Is it OK for parents to delete their kids' video game progress to punish them? That is the subject of the latest viral post from Reddit's "Am I the A-hole?" This dad's actions have prompted strong reactions from tons of people, and it's easy to see why.
In the post, he explains that his 9-year-old son had a Minecraft world "where he built quite an impressive castle on an island." His son eagerly showed it off after all his hard work.
But, he explains, since school was canceled and he's home due to the pandemic, his son has been waking up late in the mornings. According to OP, he's supposed to wake up at 7, but has often been sleeping until 9 or 10. He has an alarm, but he sleeps through it.
OP writes, "I don't wake him up because waking himself up is a skill that he needs to learn." He told him two weeks ago that there would be "consequences" if he kept oversleeping every day, and for a while, his son seemed to understand and woke up on time.
However, he started slipping, and yesterday, OP told him it was his "final warning." The next day, he slept until 11. So his dad went on his computer and deleted his favorite Minecraft world. He also took away all computer privileges for a month.
"When I told him," OP writes, "he started screaming and crying. He told me that he spent a whole year working on that world, and he's very distraught that he's never going to see it again. He has been crying and sobbing throughout the day and has refused to eat any of his meals."
Dear parents that don't play games,— Rami Ismail (@tha_rami) May 5, 2020
You can discipline kids in a million ways, but if you destroy their digital homes, their creativity, or the things they love - you are being cruel.
They will never trust you with anything they care for again, and they'd be right not to. pic.twitter.com/zPpBCsjcPT
I don't blame that kid one bit. He worked on his world for a year. It was his. He put his creative energy into it, and his dad had no problem destroying it. It's just so mean. Parents shouldn't be mean.
Yes, sometimes kids' bad behavior needs to be punished. But: a) I'm not convinced that's the case in this situation, and b) Punishments should never be cruel for the sake of being cruel.
First, if a 9-year-old kid is having trouble waking up in the morning, maybe it's because, oh, I don't know, his whole world has turned upside-down? He, too, is grappling with the fact that we're facing a dangerous global pandemic?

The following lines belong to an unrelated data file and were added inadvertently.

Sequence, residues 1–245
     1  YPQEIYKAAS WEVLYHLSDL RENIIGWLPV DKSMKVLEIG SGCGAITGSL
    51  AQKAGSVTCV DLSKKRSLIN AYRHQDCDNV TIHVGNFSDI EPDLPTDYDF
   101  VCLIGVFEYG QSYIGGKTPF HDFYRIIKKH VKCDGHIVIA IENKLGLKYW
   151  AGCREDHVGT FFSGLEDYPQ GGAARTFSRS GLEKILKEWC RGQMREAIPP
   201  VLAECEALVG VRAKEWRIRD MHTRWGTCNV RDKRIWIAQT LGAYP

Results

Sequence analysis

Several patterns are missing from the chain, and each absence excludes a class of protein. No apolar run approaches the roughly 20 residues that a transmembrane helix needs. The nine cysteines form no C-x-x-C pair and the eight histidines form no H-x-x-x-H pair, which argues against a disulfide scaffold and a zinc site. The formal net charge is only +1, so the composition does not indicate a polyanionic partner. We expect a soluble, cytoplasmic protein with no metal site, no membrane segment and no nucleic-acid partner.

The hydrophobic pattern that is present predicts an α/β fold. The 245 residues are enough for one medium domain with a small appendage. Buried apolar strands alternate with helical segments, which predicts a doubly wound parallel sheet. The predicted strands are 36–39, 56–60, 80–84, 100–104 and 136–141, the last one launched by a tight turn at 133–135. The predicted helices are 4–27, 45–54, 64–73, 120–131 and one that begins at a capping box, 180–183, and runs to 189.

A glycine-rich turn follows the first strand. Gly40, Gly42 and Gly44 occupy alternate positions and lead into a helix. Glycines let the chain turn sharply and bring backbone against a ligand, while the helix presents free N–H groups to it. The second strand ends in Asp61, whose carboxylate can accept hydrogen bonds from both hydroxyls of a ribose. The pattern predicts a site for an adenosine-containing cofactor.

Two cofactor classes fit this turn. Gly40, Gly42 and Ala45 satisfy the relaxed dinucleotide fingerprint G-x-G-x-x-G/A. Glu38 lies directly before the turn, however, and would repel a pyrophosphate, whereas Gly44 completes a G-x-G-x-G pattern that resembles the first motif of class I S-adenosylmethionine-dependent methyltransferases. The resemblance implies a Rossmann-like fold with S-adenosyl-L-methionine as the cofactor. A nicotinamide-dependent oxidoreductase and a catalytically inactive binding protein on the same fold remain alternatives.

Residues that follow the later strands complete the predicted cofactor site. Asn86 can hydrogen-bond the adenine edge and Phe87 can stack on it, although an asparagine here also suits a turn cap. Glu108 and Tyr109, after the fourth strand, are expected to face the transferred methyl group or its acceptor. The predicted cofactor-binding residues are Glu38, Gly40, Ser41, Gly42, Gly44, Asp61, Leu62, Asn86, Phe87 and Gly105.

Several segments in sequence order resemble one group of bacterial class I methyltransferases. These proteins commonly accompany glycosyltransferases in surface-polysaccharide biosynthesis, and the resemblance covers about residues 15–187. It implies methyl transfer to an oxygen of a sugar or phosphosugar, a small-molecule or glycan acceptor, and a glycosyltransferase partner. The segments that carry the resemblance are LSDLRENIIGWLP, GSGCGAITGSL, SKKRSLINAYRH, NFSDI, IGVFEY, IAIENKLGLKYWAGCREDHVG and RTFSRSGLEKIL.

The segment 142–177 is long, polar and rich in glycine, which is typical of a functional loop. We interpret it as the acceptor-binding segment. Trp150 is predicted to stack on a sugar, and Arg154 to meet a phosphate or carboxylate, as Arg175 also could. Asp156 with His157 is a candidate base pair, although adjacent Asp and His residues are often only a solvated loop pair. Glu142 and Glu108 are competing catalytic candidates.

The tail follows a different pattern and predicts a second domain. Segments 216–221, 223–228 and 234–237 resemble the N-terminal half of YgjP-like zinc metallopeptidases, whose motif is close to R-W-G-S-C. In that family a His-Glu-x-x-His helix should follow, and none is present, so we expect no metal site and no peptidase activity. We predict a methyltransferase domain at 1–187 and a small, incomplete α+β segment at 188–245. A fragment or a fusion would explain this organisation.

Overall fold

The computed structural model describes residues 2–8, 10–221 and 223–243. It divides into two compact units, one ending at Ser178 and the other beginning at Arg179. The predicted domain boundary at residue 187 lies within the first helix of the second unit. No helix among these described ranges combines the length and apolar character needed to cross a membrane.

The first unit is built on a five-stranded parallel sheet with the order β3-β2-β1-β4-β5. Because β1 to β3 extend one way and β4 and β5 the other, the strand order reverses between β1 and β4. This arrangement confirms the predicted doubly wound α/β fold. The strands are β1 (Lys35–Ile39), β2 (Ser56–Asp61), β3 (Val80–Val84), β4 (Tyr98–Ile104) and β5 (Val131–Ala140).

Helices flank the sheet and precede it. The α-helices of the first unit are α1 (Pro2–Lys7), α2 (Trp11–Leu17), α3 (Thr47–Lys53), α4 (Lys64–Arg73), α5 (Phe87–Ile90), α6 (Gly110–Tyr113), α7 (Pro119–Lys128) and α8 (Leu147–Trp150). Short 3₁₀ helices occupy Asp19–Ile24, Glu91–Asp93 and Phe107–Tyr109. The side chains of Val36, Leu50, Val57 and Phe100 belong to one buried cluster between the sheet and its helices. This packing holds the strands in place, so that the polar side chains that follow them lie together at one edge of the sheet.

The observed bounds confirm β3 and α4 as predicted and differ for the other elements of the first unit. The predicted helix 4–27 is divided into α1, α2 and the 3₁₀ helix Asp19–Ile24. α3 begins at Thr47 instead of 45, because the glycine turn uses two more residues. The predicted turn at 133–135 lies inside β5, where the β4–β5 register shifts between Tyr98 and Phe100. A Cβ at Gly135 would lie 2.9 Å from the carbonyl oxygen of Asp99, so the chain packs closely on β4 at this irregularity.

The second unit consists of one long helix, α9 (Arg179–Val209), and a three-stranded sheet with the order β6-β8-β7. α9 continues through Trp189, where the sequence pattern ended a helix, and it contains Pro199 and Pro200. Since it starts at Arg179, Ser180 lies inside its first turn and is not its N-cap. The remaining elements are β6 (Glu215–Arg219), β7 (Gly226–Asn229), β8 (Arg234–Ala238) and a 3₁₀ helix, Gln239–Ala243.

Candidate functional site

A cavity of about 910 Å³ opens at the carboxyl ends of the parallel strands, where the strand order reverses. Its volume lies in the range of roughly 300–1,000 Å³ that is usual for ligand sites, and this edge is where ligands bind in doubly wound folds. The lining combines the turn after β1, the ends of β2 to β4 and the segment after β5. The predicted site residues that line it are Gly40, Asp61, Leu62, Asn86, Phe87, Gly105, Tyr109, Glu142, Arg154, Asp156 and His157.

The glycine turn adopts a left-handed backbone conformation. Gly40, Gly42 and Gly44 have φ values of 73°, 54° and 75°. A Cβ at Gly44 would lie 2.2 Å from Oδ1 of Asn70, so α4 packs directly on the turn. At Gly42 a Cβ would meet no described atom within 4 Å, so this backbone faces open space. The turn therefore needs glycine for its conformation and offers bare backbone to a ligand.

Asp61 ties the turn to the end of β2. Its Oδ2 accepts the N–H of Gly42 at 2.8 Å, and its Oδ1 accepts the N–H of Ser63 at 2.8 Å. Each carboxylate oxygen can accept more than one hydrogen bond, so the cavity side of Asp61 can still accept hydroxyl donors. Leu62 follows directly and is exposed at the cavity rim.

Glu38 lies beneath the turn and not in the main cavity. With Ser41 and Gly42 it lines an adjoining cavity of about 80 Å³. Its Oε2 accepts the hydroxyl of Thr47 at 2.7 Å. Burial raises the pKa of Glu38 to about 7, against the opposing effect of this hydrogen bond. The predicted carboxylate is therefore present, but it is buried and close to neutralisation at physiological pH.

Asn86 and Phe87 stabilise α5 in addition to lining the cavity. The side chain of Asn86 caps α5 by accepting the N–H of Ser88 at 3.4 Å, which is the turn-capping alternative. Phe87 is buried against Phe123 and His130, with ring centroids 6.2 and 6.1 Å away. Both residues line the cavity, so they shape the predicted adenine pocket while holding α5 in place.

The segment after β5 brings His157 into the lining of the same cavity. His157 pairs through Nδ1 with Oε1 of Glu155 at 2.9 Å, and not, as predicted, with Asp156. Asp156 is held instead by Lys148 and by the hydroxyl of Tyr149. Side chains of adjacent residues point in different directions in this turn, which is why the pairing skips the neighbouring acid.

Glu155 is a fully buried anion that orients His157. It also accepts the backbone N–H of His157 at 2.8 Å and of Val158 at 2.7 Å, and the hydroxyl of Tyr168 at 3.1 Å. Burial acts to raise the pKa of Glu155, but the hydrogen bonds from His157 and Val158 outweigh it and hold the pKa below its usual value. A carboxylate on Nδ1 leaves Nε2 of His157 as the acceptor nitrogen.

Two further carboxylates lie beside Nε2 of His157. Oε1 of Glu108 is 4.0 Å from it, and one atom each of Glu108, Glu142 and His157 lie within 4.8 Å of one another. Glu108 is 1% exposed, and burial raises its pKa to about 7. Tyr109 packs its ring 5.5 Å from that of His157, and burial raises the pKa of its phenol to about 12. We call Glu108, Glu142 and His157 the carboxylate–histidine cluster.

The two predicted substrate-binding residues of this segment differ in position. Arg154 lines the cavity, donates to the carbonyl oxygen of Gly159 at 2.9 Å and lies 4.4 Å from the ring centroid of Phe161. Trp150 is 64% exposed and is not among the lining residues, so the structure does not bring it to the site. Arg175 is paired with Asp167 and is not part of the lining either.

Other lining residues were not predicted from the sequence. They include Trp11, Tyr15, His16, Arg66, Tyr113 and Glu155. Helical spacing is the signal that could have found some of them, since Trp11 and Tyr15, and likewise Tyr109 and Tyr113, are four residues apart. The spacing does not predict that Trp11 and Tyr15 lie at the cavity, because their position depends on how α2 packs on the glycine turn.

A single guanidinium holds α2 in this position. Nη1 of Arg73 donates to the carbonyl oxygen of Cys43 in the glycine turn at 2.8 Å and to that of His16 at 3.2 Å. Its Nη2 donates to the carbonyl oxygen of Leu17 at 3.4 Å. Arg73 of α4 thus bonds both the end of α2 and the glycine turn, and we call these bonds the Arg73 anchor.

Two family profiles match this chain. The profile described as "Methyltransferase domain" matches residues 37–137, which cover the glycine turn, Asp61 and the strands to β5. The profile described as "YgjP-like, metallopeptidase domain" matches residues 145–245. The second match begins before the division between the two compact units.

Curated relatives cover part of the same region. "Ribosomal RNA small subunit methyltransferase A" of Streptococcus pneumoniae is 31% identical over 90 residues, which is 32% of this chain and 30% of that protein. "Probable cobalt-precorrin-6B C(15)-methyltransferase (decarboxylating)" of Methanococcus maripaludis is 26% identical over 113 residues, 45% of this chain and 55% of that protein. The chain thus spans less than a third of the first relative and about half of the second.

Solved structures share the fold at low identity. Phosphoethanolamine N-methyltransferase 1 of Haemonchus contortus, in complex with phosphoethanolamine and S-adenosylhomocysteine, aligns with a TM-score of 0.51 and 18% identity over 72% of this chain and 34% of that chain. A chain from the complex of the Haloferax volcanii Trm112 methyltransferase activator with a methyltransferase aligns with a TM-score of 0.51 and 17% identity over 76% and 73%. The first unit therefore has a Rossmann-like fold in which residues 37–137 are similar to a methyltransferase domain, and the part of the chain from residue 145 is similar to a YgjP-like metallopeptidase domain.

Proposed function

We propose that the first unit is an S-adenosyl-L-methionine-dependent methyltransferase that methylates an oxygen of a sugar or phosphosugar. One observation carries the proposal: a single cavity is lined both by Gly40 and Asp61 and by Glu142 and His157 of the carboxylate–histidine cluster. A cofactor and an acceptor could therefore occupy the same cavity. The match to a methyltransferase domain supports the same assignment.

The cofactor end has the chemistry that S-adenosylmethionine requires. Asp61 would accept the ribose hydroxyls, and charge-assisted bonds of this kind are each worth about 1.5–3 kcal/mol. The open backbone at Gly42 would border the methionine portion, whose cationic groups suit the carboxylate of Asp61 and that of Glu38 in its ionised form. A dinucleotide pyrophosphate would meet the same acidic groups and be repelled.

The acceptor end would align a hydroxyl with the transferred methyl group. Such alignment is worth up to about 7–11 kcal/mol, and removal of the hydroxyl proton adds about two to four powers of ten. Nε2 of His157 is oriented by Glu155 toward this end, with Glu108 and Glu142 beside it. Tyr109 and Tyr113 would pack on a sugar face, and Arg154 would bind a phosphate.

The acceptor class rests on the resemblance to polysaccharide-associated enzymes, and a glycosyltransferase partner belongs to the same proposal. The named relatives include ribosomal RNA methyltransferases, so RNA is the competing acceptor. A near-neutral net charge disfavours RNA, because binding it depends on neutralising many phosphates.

One commenter wrote, "Is it possible he is not sleeping well because he is stressed, or anxious because the entire world has changed pretty abruptly? Is it possible that he is more tired than he normally would be because his mind is processing big changes right now?" He sounds depressed, not willfully defiant of his father's rules.
And even if he is, there's a reason for it, and that's not an excuse to destroy something he's worked so hard on for so long. His father should work to understand what's going on with his son rather than destroy the thing he cares about. Just because it's a video game doesn't mean it's not creative and personal. Would this dad rip up his son's paintings or journals? It's the same thing.
"Even on the scale of negative punishment, this is insane," another person wrote. "I don’t know why the wake-up was such an issue when it’s basically the apocalypse and kids are going to have issues that should be worked through with kindness, but even if it was something worth punishing, how hard would it have been to say, 'For every half-hour late you wake up, you lose 15 minutes of computer time'?"
This punishment truly does tip the scales into wildly over-the-top and mean. This isn't parenting. This is cruelty. It truly seems like an immature move by someone who was out for petty revenge, which, coincidentally, was the subject of another Reddit post, this time from the Relationships subreddit, and this time, about Animal Crossing.
In this post, when OP's boyfriend refused to make dinner after realizing they were missing an ingredient, she got angry and took a shower to calm down. When she got out of the shower, he was playing Animal Crossing. He told her to come look at what he did, and that's when she realized he had destroyed her entire island.
"Stuff that I had spent literally hours working on during quarantine gone in minutes," she writes. "I know this sounds really embarrassing and child-like but I lost my job recently, I'm housebound, and it's just something I was proud of. I couldn't stop crying."
It's not childish. If your impulse is to destroy something meaningful to your partner or your child to punish them and make them feel bad, you are mean and cruel and wrong. It still hurts my heart when I think about Amy burning Jo's novel pages in Little Women, and they are fictional characters.
There are mature and reasonable ways to have disagreements with your loved ones or express anger and disappointment with them. This is so not it.